Postoperative cataract surgery |  Baviera Clinic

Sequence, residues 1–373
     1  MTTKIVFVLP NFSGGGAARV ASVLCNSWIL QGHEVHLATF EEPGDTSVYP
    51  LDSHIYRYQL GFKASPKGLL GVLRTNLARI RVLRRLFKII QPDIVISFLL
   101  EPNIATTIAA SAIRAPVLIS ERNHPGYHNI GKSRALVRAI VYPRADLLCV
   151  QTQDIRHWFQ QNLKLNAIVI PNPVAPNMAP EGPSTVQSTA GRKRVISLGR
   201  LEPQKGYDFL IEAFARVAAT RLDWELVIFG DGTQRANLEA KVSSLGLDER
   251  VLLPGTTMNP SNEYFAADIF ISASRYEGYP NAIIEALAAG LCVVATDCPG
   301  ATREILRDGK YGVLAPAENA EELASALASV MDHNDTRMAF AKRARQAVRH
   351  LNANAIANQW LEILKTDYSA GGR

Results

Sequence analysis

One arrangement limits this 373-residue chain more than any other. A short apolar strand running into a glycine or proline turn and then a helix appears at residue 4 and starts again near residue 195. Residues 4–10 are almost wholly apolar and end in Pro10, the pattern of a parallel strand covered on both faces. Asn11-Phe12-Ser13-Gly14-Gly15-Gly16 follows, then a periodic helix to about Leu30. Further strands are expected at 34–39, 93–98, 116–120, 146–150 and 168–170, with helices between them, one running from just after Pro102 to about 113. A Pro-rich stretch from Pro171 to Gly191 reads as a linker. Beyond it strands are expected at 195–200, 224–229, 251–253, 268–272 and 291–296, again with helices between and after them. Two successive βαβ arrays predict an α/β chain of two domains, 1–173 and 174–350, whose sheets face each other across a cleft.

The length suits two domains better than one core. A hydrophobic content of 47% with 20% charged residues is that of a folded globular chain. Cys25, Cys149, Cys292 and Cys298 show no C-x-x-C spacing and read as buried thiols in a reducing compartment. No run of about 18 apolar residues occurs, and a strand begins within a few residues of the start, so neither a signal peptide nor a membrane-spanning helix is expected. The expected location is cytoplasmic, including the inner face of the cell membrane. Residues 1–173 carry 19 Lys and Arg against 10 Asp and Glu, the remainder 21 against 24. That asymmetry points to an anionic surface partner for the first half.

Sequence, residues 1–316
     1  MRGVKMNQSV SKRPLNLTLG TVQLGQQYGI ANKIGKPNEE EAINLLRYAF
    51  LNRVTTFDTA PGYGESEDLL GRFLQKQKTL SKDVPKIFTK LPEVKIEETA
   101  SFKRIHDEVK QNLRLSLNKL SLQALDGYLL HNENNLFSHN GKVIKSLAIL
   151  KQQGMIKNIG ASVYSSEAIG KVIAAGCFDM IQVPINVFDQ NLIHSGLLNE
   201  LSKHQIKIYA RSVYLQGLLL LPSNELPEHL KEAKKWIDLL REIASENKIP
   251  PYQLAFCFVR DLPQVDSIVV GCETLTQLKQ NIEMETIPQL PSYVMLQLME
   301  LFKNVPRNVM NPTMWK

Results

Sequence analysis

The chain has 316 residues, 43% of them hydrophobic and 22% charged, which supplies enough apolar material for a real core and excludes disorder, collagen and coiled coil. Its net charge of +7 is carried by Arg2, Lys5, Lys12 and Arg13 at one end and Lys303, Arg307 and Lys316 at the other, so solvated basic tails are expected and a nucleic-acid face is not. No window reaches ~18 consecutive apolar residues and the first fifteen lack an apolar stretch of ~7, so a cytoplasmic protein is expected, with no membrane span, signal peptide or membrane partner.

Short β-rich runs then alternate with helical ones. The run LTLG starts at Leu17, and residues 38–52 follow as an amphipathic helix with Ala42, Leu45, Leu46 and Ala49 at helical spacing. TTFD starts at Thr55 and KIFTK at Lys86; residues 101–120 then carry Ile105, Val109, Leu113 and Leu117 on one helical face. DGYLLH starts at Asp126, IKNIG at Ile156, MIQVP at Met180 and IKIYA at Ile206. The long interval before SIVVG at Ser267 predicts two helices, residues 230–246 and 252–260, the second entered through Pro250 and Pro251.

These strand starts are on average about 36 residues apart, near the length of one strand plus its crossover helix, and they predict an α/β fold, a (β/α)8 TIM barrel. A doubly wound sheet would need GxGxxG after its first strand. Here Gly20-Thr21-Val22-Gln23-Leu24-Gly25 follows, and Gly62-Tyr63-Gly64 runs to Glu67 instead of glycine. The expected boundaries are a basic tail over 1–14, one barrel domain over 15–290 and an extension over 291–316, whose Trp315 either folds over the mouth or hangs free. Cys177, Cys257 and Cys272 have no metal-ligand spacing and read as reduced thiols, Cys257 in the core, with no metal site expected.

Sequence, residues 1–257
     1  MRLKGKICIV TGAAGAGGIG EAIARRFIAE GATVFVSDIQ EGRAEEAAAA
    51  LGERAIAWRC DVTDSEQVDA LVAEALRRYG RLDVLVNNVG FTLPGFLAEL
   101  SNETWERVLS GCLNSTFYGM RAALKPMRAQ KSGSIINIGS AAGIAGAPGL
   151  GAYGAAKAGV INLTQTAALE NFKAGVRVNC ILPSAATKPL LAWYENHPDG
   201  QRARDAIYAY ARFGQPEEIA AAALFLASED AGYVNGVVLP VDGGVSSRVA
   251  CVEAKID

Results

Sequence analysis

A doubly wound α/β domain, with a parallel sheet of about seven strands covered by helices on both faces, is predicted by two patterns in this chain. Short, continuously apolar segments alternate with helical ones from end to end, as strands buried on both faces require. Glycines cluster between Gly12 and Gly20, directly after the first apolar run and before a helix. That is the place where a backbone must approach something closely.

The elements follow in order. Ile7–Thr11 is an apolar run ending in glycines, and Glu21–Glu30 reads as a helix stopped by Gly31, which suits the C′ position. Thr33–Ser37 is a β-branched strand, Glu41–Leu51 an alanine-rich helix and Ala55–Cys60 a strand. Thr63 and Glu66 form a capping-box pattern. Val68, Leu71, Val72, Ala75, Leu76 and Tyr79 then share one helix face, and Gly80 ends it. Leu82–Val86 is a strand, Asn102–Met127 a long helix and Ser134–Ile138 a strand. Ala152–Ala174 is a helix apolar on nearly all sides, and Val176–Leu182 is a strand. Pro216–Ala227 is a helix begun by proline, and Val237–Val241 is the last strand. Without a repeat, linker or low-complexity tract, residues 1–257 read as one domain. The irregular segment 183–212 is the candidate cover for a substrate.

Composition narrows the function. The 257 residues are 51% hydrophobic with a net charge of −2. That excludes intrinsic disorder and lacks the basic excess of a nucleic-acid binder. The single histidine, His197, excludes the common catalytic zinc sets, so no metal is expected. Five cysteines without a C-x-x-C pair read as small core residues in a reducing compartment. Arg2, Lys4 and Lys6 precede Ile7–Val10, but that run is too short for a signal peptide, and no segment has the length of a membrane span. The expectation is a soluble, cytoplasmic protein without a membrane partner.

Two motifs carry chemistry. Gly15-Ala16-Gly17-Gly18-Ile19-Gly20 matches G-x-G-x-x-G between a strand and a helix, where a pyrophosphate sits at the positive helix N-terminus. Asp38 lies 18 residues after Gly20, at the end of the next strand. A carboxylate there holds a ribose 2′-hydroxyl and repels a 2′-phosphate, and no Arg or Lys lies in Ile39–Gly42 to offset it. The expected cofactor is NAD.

Dr. Manuel Marcos, an ophthalmologist at Clínica Baviera, describes how the postoperative period of cataract surgery. How is the postoperative period of cataract surgery? The postoperative period of the usual cataract surgery in phacoemulsification is simple. It only consists of putting a few drops during a postoperative season. The drops are administered for three to four weeks in a descending schedule. The patient is explained how the treatment is the same day of the surgery so that he does not get confused. What medications should be used? Medications for the postoperative period of cataract surgery are of two types: anti-inflammatory and antibiotics. Among the anti-inflammatories, medications of two classes are used, some are corticosteroids and others are non-steroidal anti-inflammatory drugs. Both are applied together, in a pattern that the patient knows. The first to be withdrawn are antibiotics and corticosteroids. The other anti-inflammatory drug, the non-steroidal one, lasts for about a month. What activities should not be done after surgery? In a postoperative period for cataracts, it can become dangerous to do contact sports for a week or ten days and pool sports due to the risk of contamination. The rest of the activities, in principle, can be started from the second or third day, which is when normal vision begins to regain, more or less. What discomforts are the most common after this type of intervention? The patient is instructed to know that for a couple of days or three he will have some discomfort type sensation of grit or foreign body that have to do with the small incisions that are made for cataract surgery. After those two or three days the discomfort is very residual and sometimes has to do with some dryness associated with the postoperative period. We also tell the patient that if the discomfort is significant, he must think that he has some other problem and should go to the clinic. How long does it take for the patient to return to his usual activity? It is a bit complicated because the usual activity of each patient is different. Driving or doing activities that require some precision may still take a little longer, about a week. To be at home or to carry out activities with not much visual precision, normally in two or three days the patient will be able to carry out his usual activity with fairly good vision, while the edema, the postoperative inflammation, is removed a little. What results are usually obtained? Currently, in cataract surgery using phacoemulsification with intraocular lens implant, even with multifocal lens, the optical results are truly impressive. We can achieve emmetropia both from far and near. That is, the patient can free himself from his glasses both far and near due to the implantation of those multifocal lenses. .

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